Tag Archives: local newspapers

Letter to Govt. pt6: “How to fund quality local journalism”

The following is the last part of a series of responses to the government inquiry into the future of local and regional media. We will be submitting the whole – along with blog comments – to the Culture, Media and Sport Committee. This post, by Alex Lockwood, looks at:

“How to fund quality local journalism”

The bottom has fallen out of the traditional publishing business model–and with it goes the hefty dividends expected by shareholders (e.g. £48.4m in 2008 for the Trinity Mirror Group). The future of local quality journalism can only remain with the current crop of regional newspaper publishers if they radically change their expectations, and innovate.

That might not happen. If it doesn’t, they will die off, and the future of quality local journalism will take a huge – but not definitive – blow. Then the future lies with new initiatives and the local communities themselves – passionate and entrepreneurial people, only some of whom will be journalists. What about local council initiatives to publish newspapers and local information? That’s not the way to go – covered in Part 3.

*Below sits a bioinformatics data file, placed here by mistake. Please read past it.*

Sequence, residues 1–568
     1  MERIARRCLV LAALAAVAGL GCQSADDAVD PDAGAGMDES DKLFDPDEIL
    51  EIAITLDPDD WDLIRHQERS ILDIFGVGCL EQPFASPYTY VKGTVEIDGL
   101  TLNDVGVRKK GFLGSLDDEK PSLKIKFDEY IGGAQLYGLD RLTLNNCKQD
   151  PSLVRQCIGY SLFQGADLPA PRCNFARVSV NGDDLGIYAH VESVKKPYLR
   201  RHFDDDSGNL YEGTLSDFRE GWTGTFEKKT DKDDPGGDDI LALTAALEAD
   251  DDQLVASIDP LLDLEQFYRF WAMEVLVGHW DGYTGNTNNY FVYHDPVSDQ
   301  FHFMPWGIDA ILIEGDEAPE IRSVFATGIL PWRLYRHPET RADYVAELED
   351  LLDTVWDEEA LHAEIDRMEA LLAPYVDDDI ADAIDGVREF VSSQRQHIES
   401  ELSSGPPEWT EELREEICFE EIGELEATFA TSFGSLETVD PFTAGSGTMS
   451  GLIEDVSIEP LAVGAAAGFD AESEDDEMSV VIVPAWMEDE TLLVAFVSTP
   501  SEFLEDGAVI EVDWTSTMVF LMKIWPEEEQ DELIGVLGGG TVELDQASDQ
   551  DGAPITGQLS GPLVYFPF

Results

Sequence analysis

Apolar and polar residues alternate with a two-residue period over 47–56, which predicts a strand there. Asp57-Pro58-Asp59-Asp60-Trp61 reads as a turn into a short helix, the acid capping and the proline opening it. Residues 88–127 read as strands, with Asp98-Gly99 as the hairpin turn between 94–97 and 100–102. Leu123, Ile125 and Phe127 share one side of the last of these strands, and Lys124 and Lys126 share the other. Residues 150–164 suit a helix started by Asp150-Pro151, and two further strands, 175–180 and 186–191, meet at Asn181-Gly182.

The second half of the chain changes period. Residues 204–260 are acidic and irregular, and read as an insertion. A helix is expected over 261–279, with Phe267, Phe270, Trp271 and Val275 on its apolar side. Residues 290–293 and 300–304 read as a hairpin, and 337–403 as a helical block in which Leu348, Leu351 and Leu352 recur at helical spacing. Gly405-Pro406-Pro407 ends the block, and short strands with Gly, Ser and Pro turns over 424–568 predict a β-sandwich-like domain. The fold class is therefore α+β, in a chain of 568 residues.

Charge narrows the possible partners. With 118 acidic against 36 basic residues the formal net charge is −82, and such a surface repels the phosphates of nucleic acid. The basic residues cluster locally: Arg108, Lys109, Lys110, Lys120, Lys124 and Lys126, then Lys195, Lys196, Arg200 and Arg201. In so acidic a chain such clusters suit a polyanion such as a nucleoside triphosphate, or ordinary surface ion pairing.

But how to fund it? Here are eight suggestions for the future of local journalism funding: Continue reading

Letter to Govt pt5: Opportunities for “ultra-local” media services

The following is the fifth of a series of responses to the government inquiry into the future of local and regional media. Andy Price looks at the opportunities for ultra-local media services. Blog comments will be submitted to the inquiry as well. If you wish to add a blog post to the submission please add a link to one of the OJB posts – a linkback will be added at the end.

Opportunities for “ultra-local” media services

Over the last few years one of the few, if not the only positive development in the regional press has been the dramatic growth of “ultra-local” or hyper local news. Often this is in the form of online participatory journalism, mixing traditional professionally produced news with a wide range of user generated content.